For this grad project, I decided to visit some of the most valuable plastic that I have had experience in the past, which is Catholic iconography.
I wish I could paint a picture (I guess I could) of the shrine my grandmother had tucked away in her trailer. I am from the smallest town (ever) in Texas, it’s full of dirt, immigrants, trailers, and Catholics. The biggest church in town, the Catholic church, sat on top of a hill painted pink and would be surrounded by cars every Sunday. My family is still apart of that circle.
At a very young age I questioned my faith, so much so it is non-existent now. I used to find it so unusual how so much spiritual weight was put on these mass-produced plastic objects, cast in a mold, and sometimes hung from a keychain (not in an ironic way).
I grew up in a town right next to the border, the Rio Grande was about 15-20 minutes from my house. So, close in fact that the cartel would use that area in particular to smuggle drugs, humans, and everything else. When I would play outside I would see people walking across the desert, sometimes asking for water and then they would be on their way. Families with small children would come across the desert every day, sweaty, sunburnt, and exhausted.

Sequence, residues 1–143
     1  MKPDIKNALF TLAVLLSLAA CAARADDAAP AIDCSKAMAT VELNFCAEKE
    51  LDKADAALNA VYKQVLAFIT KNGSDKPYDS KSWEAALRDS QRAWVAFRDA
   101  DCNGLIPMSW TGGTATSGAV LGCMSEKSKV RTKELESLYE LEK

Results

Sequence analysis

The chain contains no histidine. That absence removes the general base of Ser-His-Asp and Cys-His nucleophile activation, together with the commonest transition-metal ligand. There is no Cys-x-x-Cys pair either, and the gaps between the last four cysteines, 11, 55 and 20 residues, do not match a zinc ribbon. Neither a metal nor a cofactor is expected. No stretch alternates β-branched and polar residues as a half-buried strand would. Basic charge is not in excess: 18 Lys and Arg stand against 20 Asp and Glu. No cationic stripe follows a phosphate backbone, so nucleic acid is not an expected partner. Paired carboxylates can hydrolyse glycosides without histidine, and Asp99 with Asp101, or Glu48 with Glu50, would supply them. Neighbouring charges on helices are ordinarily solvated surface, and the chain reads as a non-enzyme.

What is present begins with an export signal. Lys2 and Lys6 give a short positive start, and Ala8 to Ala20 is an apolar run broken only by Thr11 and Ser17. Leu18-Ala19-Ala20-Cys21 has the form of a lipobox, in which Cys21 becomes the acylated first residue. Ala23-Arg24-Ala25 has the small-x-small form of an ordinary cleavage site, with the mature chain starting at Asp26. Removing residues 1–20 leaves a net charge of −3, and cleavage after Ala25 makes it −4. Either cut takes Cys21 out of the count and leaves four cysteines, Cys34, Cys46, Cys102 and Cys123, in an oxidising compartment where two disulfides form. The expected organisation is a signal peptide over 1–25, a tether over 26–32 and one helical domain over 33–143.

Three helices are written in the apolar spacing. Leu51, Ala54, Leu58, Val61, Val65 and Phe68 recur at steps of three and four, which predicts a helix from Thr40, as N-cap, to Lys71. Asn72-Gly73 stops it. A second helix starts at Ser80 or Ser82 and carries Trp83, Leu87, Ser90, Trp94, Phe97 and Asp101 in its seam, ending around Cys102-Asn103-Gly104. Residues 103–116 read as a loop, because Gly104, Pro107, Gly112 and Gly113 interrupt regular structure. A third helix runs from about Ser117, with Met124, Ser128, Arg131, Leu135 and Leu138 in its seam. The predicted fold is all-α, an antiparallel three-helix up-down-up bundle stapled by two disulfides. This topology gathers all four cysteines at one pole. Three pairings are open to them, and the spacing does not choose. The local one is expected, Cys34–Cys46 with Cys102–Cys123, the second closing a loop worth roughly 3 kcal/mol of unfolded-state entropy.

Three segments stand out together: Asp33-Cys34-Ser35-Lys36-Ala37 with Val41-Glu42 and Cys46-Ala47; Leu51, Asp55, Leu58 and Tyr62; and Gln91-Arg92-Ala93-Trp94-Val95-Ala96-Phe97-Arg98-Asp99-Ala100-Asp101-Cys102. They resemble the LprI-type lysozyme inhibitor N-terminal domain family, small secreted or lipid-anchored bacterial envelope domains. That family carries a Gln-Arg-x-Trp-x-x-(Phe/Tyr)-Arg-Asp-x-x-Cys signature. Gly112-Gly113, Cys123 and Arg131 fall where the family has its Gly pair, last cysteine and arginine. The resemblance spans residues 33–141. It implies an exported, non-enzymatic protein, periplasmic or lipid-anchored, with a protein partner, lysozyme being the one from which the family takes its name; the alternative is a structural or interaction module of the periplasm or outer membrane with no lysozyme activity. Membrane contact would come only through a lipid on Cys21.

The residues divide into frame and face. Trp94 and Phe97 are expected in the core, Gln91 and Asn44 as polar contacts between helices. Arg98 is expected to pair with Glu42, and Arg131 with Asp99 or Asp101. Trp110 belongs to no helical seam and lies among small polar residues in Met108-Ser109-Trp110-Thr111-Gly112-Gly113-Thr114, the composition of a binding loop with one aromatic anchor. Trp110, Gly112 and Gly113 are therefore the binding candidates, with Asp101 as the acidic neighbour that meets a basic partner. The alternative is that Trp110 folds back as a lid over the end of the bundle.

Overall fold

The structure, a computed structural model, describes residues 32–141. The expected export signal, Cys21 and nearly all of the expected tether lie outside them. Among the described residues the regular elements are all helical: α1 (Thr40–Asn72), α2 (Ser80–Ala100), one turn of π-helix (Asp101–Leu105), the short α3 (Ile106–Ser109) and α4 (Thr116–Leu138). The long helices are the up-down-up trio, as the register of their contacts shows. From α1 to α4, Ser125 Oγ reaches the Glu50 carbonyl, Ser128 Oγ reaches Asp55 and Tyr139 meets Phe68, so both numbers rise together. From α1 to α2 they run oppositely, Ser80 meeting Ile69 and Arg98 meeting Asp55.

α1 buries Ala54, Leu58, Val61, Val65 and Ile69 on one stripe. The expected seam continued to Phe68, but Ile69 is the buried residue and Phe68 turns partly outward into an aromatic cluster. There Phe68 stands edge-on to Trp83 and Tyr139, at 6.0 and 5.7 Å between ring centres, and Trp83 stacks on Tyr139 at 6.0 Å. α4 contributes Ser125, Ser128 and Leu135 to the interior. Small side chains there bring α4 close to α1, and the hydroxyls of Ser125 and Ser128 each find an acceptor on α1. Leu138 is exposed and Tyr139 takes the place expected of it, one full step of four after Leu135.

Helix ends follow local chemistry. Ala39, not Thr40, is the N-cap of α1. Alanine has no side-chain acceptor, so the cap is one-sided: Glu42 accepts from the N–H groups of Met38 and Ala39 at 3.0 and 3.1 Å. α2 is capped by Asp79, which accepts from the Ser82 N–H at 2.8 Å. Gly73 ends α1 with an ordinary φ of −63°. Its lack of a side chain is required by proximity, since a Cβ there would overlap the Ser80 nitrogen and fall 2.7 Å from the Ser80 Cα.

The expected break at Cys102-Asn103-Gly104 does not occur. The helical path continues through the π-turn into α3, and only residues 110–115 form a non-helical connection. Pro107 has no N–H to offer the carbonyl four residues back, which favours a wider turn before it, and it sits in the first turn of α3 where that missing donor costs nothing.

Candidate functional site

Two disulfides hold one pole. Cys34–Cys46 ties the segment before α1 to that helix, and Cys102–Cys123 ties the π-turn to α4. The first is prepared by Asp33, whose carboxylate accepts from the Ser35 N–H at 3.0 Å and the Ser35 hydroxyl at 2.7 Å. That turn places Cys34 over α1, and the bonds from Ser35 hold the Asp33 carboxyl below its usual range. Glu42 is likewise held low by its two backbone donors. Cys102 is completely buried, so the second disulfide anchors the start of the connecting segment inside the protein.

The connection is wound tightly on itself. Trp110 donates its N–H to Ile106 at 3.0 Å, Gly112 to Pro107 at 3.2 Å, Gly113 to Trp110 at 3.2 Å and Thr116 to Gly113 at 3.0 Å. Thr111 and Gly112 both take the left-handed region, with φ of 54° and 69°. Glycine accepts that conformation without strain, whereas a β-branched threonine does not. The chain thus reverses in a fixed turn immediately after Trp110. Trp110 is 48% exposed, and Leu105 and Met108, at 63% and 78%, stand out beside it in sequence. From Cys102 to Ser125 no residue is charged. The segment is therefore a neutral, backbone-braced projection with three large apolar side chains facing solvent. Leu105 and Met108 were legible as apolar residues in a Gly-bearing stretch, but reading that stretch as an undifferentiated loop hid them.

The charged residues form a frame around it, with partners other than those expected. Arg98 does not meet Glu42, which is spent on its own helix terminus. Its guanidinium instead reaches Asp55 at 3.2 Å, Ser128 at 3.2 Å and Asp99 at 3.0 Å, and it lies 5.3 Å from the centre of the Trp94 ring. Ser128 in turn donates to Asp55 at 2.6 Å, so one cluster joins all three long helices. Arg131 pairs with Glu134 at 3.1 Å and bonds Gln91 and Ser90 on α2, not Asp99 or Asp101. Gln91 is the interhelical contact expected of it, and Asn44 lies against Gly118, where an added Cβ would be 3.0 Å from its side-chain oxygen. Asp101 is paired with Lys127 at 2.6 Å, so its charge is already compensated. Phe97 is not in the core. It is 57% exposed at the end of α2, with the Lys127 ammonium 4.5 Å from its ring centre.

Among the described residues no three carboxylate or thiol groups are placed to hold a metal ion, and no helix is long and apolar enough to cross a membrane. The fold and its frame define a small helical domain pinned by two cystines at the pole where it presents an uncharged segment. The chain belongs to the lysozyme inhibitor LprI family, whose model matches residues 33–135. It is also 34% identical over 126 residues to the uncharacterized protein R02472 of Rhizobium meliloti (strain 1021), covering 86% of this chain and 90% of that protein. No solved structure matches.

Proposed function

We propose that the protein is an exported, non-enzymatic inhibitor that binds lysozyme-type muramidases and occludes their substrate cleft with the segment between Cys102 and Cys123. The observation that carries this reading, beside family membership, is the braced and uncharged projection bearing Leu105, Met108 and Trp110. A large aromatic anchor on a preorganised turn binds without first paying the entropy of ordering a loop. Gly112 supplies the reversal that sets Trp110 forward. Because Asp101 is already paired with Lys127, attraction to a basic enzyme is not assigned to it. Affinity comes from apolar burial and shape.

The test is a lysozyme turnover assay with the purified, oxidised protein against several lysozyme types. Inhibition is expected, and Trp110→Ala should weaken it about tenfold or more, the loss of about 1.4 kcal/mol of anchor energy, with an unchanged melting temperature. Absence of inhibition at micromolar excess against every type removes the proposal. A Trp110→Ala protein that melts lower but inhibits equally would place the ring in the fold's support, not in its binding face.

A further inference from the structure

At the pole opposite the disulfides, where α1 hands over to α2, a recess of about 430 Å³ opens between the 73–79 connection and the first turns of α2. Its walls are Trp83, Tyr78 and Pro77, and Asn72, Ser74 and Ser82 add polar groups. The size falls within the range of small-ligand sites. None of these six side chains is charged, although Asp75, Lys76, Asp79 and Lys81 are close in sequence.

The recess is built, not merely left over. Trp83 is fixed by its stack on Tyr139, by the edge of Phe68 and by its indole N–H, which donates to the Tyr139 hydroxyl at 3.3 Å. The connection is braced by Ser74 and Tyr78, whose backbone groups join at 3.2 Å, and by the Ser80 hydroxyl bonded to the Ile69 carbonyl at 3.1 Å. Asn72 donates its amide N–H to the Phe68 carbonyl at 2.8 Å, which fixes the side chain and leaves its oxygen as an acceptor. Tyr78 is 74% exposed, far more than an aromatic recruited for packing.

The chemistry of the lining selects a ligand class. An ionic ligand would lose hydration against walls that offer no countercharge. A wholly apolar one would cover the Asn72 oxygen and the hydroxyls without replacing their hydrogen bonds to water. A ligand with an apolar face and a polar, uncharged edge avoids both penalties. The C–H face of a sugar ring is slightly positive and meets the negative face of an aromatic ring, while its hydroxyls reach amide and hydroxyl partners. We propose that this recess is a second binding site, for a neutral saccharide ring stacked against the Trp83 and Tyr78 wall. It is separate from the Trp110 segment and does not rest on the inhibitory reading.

Fun Fact: Our checkpoint is famous for arresting Willie Nelson, Fiona Apple, and Snoop Dog, for possession of weed of course.
This project for me represents a lot of my past. In the desert, you feel forgotten, lost, sometimes content, but mostly small. It reminds you of how big the universe actually is, especially when you can look up at the sky and see every possible star imaginable. It’s quiet and there isn’t a lot to do, it’s frankly quite boring. I joke about feeling like an alien in bigger cities because I feel so out of place most of the time, I have had these strange experiences that almost feel magical and can’t really connect with people who haven’t experienced that void before.
To be literal this project represents separation from my religion, culture, experiences, and past. Both literally and figuratively.
I visited Mexico quite often, but was there ever an opportunity to learn the language? Or to feel included? Possibly. But to be honest, not really. Socioeconomic situations, politics, and family had a lot of influence on those things prior to finding knowledge via the internet. As you can imagine, those things weren’t and still are not very accessible in certain regions.
I still feel a very real barrier when I visit home, I have 4 sisters. My Dad remarried and her family is more integrated with Mexican culture, so my sisters grew up Catholic and speak fluent Spanish. Even though I feel like a spectator in my life and my families I don’t feel like that is necessarily a negative thing. I can look outward and I see a place for me.